Magnetic medicine hits the target
Swedish researchers have developed a way to use magnets to guide drugs to the right place in the body.
The technique uses magnetic nanoparticles which can be guided to metallic implants such as artificial joints and coronary stents. The researchers, based at Lund University and Skåne University Hospital, have shown in animal experiments that the principle works. They attached a blood clot-dissolving drug to the nanoparticles and then directed the particles to a coronary stent.
Guiding drug-loaded magnetic particles using a magnet outside the body is not a new idea. However, in the past it has only been possible to reach the body’s superficial tissue, and the particles have often obstructed the smallest blood vessels.
The new attempt succeeded partly because nanotechnology has made the particles tiny enough to pass through the smallest arteries, and partly because the target was a metallic stent - a tube-shaped metal net used to treat narrowing of the coronary arteries. When a magnetic field was applied to it, the stent itself became magnetic enough to attract the nanoparticles. For the method to work the patient therefore has to have an implant containing a magnetic metal.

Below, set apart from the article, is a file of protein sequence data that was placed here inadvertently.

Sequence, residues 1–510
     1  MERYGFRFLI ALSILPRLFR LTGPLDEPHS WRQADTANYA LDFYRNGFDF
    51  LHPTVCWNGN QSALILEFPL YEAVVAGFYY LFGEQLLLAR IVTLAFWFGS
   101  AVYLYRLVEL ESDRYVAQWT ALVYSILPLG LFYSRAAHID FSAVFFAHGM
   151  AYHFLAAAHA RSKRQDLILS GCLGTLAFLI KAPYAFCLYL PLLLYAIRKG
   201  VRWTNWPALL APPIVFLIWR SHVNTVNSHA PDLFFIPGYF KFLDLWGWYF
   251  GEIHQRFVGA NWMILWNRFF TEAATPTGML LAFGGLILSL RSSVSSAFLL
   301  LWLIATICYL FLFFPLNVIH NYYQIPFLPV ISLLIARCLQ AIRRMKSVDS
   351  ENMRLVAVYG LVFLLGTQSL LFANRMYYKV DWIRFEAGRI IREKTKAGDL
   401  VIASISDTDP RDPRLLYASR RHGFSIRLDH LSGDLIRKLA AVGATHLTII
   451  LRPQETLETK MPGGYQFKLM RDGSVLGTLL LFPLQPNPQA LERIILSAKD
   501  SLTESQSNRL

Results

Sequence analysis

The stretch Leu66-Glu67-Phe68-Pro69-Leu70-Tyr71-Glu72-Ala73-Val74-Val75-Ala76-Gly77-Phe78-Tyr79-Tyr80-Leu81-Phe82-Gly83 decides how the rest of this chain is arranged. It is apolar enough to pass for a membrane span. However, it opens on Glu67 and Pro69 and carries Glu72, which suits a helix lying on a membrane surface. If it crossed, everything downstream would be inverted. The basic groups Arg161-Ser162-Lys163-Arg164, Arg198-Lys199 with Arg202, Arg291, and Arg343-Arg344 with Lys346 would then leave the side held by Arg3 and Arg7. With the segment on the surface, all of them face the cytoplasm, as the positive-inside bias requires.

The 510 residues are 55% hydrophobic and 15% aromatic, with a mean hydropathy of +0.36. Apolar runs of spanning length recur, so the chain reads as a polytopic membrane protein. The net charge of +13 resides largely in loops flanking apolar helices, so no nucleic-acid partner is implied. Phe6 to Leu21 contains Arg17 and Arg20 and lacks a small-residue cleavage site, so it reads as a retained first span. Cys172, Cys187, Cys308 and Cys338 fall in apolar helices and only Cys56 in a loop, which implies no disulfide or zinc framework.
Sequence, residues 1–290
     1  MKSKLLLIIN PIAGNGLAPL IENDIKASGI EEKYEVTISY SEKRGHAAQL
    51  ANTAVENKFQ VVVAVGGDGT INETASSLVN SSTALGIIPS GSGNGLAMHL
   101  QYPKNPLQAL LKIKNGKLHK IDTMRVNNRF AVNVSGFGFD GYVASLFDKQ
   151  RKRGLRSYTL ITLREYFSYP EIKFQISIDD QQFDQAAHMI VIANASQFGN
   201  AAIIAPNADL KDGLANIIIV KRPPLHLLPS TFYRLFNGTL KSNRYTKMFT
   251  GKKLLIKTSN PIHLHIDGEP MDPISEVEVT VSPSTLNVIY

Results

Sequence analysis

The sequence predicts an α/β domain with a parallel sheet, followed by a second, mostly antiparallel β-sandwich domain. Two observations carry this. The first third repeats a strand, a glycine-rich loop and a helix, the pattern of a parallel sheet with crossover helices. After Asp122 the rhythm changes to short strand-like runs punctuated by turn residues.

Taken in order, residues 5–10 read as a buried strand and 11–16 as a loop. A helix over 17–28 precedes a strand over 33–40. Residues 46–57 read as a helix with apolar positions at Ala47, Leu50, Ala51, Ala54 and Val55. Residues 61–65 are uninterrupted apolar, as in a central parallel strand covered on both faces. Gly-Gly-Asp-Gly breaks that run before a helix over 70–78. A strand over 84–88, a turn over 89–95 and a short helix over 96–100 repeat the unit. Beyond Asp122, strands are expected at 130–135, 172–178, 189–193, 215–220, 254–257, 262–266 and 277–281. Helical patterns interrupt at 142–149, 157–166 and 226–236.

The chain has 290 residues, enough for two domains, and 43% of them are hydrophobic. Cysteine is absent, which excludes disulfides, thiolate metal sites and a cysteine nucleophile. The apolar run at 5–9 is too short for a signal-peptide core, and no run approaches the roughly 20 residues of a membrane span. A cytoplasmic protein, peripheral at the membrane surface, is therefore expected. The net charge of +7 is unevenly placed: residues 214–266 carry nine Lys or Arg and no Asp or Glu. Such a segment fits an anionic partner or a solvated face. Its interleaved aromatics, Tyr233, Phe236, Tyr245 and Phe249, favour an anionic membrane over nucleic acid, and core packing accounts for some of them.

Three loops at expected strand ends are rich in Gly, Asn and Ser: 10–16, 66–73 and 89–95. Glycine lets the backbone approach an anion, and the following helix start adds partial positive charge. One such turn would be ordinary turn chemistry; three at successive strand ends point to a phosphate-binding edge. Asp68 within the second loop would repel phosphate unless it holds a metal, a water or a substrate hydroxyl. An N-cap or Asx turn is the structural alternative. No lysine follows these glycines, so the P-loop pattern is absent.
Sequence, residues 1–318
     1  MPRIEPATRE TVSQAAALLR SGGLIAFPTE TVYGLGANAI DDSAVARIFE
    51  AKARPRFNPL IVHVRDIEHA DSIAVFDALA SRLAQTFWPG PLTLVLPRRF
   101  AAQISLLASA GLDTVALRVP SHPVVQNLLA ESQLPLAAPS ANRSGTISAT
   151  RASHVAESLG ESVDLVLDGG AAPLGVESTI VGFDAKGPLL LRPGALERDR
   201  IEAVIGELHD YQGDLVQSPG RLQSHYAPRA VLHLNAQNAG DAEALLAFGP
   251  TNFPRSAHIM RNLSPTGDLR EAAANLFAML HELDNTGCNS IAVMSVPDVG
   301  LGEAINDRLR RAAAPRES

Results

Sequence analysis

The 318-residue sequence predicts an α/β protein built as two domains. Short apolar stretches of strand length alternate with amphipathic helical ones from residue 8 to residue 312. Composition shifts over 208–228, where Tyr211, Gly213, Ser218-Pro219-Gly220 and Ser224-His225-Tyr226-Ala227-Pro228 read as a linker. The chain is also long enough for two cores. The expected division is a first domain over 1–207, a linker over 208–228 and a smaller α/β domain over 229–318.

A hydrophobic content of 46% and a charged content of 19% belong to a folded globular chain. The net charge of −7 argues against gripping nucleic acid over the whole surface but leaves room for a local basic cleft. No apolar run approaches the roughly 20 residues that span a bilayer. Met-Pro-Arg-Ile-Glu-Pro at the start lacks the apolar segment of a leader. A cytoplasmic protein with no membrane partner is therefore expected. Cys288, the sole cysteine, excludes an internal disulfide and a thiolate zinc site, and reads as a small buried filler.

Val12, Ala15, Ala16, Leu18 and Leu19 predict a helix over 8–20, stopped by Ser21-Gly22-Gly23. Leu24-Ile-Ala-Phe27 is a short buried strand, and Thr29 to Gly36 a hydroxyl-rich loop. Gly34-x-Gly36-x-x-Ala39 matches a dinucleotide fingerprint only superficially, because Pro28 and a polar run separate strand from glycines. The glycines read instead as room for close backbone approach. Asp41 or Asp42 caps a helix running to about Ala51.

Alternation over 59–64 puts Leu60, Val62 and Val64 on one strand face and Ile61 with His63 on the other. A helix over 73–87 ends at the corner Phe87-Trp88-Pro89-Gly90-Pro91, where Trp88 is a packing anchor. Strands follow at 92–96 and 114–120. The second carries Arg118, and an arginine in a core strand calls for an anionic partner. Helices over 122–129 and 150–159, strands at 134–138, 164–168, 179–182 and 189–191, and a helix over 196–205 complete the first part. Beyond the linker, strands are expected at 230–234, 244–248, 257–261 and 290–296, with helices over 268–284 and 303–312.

According to the project’s leaders, Associate Professor Maria Kempe (pictured) and her brother and colleague Dr Henrik Kempe, if a drug can be guided to the right place in the body, the treatment is more effective and there should be fewer side-effects.
Maria Kempe added that the technique could be used with other drugs, and that there are a number of implant-related problems that could be targeted.
“They could also carry antibiotics to treat an infection developed after insertion of an implant. We have developed polymer materials that can be loaded with antibiotics – these could produce interesting results in this context,” she said. “It takes many years to develop a treatment method that can be used on patients. But the good initial results make us hopeful.”